With demand for domestically produced flour growing, Suzuki Shoten (Suzuki & Co.) , which had its head office in Kobe, announced a plan to expand its flour mill company to Dairi in 1910. A group of plants for the Dairi Seifun (Dairi Flour Mills) were constructed up through by the end of the following year, including the Former Dairi Flour Mills Warehouses (present-day Nikka Whisky Distilling Co., Ltd. Moji Plant Warehouses). The milling industry originally was mechanized by the industrial revolution that occurred in England in the late 18th century. The stone mills that until then had ground flour vanished with the appearance of steel roll mills that utilized steam engines. Flour called “mMeriken flour” that was imported to Japan at the end of the Edo period (1603–1868) was created at modern mechanized flour mills in the United States. The demand for flour made in Japan rose due to the Customs Tariff Act implemented in 1899. Competition with the imported meriken flour that was subject to tariff was profitable even in terms of price, and was the main factor in the increase of mechanized milling companies in Japan. Given the backdrop of those timesThings being as they were, Suzuki & Co. decided to build a milling company in Dairi with an approximately 794 square meter plant, an approximately 1,655 square meter product warehouse, and an approximately 6,620 square meter raw materials warehouse. Operations began in 1911. In 1915, Dairi Flour Mills suffered a major fire that completely destroyed 1 plant building and 2 warehouse buildings, but the company was able to reopen the following year by hastening restoration. The warehouses newly built at that time are still being used today as warehouses for Nikka Whisky. In 1919, the merger of Dairi Flour Mills and Nippon Seifun (Nippon Flour Mills Co., Ltd.) was decided. At the same time, Nippon Flour Mills also merged with Toyo Seifun (Toyo Flour Mills). It became a large flour milling company that divided shared the industry monopoly with Nisshin Seifun (Nisshin Flour Milling Inc.) . The business was impacted by factors including the financial crisis of 1927 and the bankruptcy of Suzuki & Co., but endured with support from Mitsui & Co. In 1997, the Moji Plant closed due to the consolidation of milling plants in the Kyushu area promoted by Nippon Flour Mills, and the curtain fell on 88 years of operation at Dairi. After its closing, the plant buildings and warehouses that were no longer needed were dismantled one after another, but the warehouses that became the property of Nikka Whisky still remain. They are one-story, red brick buildings, and the seasonal flowers surrounding the grounds accent the buildings when in bloom. One of the warehouse clusters sits alongside National Rt. 199. You can imagine the great scale of the operation back in the day from the line of brick walls.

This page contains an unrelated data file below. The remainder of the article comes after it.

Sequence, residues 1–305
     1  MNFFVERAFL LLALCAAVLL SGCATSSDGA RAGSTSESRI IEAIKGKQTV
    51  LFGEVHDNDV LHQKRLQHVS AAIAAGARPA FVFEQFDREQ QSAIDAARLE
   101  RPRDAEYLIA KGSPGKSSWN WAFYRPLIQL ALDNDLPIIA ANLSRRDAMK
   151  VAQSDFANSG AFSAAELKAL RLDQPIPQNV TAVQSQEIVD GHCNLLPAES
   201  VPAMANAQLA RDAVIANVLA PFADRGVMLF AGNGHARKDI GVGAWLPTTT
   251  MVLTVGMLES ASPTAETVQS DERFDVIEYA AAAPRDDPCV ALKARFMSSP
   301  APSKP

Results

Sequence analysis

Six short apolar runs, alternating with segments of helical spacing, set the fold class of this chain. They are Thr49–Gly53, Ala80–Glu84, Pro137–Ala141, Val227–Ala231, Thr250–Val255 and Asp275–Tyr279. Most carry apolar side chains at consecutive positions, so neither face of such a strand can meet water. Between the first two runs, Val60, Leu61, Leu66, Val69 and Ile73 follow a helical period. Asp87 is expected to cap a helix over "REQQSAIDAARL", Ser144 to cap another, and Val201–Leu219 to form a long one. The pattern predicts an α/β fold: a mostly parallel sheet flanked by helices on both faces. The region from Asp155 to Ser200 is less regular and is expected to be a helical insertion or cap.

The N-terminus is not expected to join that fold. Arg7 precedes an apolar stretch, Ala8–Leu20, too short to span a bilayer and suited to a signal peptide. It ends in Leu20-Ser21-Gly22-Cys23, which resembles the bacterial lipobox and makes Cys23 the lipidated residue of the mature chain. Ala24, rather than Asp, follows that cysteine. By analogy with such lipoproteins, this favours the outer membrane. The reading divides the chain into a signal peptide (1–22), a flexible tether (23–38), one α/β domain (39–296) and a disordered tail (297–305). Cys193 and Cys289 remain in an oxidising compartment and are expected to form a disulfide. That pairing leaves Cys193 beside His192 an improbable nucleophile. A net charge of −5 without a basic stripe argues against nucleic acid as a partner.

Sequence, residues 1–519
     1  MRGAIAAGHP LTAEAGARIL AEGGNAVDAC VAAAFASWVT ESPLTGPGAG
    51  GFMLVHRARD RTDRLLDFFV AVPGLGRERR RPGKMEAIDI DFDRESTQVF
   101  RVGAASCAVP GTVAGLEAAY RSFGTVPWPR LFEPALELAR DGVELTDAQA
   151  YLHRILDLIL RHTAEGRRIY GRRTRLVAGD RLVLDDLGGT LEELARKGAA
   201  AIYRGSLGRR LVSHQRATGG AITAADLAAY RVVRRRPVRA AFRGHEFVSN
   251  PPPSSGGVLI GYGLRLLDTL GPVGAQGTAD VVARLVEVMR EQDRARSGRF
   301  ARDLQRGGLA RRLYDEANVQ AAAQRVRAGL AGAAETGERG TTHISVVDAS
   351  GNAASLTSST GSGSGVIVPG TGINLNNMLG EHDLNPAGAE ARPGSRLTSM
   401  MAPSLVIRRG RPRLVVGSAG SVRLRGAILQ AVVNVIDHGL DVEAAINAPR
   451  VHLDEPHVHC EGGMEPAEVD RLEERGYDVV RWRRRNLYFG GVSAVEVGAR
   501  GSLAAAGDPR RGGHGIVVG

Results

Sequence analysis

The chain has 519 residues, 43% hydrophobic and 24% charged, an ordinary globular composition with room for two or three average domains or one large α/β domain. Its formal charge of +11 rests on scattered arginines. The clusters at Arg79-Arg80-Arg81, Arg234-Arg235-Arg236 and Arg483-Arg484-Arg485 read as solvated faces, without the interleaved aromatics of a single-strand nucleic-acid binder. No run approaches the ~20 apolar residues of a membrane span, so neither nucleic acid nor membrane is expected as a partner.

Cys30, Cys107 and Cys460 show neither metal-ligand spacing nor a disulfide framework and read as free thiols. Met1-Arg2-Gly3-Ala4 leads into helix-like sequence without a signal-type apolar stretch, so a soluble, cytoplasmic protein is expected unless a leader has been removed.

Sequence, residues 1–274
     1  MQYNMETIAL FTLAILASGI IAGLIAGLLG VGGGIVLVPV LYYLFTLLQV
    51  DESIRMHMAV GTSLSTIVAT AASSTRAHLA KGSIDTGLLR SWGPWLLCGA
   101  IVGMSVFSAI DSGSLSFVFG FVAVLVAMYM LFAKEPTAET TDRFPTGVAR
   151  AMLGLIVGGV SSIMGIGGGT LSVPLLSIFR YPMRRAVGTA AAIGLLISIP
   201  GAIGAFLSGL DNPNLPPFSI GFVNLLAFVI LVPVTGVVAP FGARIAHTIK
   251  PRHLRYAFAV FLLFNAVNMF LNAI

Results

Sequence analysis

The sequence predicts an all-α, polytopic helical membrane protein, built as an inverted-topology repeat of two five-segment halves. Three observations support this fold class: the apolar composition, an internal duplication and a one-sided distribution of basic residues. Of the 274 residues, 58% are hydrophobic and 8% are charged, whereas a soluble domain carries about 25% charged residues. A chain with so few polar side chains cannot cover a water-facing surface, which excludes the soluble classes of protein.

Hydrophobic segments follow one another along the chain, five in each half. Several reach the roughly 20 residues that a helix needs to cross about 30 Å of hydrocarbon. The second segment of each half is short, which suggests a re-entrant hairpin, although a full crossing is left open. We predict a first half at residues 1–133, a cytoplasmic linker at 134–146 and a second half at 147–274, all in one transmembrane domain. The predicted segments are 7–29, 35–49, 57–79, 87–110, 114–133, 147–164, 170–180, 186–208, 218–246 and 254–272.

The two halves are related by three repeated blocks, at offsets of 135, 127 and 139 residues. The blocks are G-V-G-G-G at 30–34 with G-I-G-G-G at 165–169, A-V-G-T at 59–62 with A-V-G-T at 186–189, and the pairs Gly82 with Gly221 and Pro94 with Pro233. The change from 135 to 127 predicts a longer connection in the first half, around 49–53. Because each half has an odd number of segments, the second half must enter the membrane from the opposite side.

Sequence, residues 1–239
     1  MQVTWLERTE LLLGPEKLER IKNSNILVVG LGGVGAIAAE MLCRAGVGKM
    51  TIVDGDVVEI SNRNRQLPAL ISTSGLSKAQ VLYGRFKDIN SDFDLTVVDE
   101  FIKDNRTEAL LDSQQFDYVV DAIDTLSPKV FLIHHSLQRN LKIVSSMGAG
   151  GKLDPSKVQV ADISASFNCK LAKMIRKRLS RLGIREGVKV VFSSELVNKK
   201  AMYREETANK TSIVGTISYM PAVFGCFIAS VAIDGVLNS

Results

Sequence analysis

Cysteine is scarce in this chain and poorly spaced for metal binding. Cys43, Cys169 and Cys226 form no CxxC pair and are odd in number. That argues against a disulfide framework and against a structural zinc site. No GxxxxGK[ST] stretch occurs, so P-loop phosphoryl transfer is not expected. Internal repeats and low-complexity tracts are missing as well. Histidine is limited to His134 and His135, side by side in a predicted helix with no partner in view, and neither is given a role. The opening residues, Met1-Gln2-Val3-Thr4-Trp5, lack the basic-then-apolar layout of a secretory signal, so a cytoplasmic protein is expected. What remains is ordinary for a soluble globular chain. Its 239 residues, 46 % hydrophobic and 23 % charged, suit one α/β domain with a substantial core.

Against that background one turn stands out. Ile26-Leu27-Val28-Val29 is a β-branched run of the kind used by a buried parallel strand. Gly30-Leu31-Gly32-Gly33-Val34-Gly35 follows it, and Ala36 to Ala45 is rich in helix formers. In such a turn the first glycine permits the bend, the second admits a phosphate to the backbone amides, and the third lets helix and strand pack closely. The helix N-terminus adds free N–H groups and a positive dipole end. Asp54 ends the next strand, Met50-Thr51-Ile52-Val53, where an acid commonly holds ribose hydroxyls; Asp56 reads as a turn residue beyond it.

Address：2-1 Dairimoto-machi, Moji-ku, Kitakyushu, Fukuoka Prefecture
Other/Notifications：Only the exterior can be viewed
Category: Constituent cultural properties
Genre: Story 3